6 Things to Know if You’re Running a Creative Business

Running a creative business (or being a self-employed or freelance creative) can be incredibly challenging at times. Between navigating daily responsibilities, plans for expansion, and methods to make your business stand out amongst the crowd, overwhelm – from jumbled priorities, comparison, feelings of failure, and so on – isn’t uncommon.

So, here are 6 things I’d like for you to hear if you’re running a creative business right now…

Running a creative business: desk set up with lamp, flowers and wall art

6 Things to Know if You’re Running a Creative Business

1. Prioritising work over your wellbeing isn’t a sustainable route to success.

It’s easy to put your personal needs on hold when you have a lot on your plate running a creative business. But, think about it: you are your business’s best asset. It makes sense that you most likely perform at your best when you’re feeling your best, therefore your business has its best chance at flourishing and growing when you prioritise taking care of yourself.

Schedule your workouts, walks, social activities, and self-care in advance, and treat these appointments the same way you would important client meetings – they’re non-negotiable. And, don’t forget to implement boundaries, such as not working through lunch breaks or past a certain hour, and not checking emails before breakfast.

2. Failure is completely normal.

The honest truth is that there’s no escaping failure when you run a creative business. Yes, it feels awful at the time, but it’s worth remembering that failure is normal, it’s something that everybody in business experiences, and far apart from spelling the dramatic demise of your business failure presents an opportunity for growth.

Next time you take a wrong turn, ask yourself what you can learn from your miss-step, and then keep moving forward with your new knowledge.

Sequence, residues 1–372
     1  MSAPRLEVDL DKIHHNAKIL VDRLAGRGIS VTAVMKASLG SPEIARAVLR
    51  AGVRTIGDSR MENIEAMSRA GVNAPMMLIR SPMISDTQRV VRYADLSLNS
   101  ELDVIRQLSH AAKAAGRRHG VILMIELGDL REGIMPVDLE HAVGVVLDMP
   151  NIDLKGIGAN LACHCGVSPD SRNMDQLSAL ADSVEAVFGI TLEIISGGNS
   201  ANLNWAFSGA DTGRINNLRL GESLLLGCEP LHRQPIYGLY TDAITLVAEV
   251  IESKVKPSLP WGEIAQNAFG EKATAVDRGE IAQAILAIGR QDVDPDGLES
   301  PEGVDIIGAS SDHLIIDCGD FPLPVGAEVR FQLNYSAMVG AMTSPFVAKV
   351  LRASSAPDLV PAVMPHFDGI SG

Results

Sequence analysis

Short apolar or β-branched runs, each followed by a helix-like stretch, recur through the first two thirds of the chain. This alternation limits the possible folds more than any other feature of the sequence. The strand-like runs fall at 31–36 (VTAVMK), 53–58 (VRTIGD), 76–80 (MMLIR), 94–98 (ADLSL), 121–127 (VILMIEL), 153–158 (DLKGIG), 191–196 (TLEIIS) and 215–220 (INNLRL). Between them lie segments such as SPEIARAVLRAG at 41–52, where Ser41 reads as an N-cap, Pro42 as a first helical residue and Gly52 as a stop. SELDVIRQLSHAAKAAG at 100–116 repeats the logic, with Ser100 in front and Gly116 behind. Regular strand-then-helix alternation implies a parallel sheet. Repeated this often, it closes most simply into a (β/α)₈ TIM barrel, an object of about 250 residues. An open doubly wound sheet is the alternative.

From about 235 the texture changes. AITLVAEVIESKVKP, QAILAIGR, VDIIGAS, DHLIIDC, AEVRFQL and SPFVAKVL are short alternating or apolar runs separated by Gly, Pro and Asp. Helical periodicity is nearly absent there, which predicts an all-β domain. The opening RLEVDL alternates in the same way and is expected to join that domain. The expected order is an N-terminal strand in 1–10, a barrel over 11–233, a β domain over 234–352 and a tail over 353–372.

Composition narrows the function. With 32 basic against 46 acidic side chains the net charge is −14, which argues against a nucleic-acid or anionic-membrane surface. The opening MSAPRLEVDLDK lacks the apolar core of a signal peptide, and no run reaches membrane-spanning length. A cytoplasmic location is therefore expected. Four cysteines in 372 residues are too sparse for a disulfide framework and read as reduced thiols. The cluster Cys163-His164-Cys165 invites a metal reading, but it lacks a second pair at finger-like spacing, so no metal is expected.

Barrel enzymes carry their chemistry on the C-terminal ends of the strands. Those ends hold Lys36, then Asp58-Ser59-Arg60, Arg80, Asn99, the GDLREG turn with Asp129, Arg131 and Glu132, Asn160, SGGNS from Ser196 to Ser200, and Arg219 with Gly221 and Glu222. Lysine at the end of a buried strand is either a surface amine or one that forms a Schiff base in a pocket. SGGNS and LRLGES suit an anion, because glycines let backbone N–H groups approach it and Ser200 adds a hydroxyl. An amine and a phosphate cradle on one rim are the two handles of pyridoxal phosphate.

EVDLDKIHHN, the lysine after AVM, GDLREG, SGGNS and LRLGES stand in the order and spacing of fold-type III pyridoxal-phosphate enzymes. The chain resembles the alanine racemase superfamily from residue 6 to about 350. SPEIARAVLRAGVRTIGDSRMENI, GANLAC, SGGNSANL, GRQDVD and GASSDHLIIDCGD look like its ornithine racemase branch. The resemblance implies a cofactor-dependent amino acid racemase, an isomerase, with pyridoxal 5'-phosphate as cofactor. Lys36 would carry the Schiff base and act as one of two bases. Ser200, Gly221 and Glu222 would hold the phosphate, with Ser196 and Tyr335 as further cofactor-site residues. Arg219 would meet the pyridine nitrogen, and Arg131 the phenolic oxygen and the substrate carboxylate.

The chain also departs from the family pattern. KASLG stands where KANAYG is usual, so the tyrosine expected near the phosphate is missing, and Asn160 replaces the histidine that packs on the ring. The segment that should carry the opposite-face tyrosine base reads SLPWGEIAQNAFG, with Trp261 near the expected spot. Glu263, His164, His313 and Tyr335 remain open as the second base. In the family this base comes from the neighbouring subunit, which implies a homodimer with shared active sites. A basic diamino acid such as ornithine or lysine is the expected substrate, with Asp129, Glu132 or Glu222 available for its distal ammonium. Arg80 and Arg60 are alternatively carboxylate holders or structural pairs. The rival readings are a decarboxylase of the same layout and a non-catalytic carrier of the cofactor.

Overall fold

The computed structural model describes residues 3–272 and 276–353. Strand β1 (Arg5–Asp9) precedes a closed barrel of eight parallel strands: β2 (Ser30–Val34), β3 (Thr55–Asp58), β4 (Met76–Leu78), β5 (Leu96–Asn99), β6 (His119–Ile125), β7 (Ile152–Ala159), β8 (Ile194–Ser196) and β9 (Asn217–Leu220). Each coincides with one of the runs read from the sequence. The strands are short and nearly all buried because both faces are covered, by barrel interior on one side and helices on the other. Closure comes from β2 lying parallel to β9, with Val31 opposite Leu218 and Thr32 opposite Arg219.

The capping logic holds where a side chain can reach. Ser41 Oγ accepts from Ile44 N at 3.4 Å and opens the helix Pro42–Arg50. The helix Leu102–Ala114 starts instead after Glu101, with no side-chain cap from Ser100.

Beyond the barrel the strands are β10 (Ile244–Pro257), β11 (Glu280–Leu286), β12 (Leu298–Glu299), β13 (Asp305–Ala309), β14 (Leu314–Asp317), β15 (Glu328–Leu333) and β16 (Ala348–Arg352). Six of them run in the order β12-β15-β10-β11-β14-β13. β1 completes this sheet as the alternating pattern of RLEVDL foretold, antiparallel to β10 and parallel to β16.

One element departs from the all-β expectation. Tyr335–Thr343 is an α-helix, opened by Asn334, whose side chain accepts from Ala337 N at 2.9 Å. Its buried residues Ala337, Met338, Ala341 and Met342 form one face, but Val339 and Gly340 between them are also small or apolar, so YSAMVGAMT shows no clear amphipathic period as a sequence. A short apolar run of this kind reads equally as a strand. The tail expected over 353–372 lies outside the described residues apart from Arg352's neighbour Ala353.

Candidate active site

3. There’s no such thing as an overnight success.

Every seeming overnight success is the result of hours upon hours of behind-the-scenes work that nobody sees. So, don’t be disheartened when your passion project doesn’t explode right off the bat. Know that results come from being persistent. Keep going, you can do it.

4. It’s OK for your creative business to evolve over time.

Something to remember: done is better than perfect. So, if you’re holding out for your creative business to be perfect before really pushing it, then you’re losing so much time that could be spent learning, growing, and discovering more about your clients.

It’s natural for businesses to evolve over time as you gain more knowledge, so my best advice is to surrender to the fact that nothing in business is ever perfect and just go for it. Give yourself permission to learn and adjust as you go.

5. Working through lunch breaks and weekends is more likely to result in burnout than increased productivity.

We’ve touched on this one already, but it’s so important I want to reiterate: you need to factor rest into your schedule. If you don’t, burnout is a very real risk that can make running a creative business feel near impossible (a survey of 1,000 people in the UK from September 2020 suggests that 22% of people have experienced job related burnout).

If your goal is to work as efficiently as possible, then you must fuel your brain with adequate nutrition, hydration, and time away from your business responsibilities.

Be strict when it comes to your wellbeing – no compromises.

6. Comparison isn’t doing you or your creative business any favours.

Comparison is the thief of joy – you don’t need me to tell you that. But, it’s very easy to fall into the trap of comparing your achievements and successes to others’ when we all use social media as a highlights reel.

Remember: there’s nobody else with your exact cocktail of skills and experience – you are completely unique. And, someone else’s success doesn’t mean less opportunity for you. There really is room at the top for everyone.

If you enjoyed this article, check out my blog post on the 7 things you’re actually allowed to charge for as a freelancer.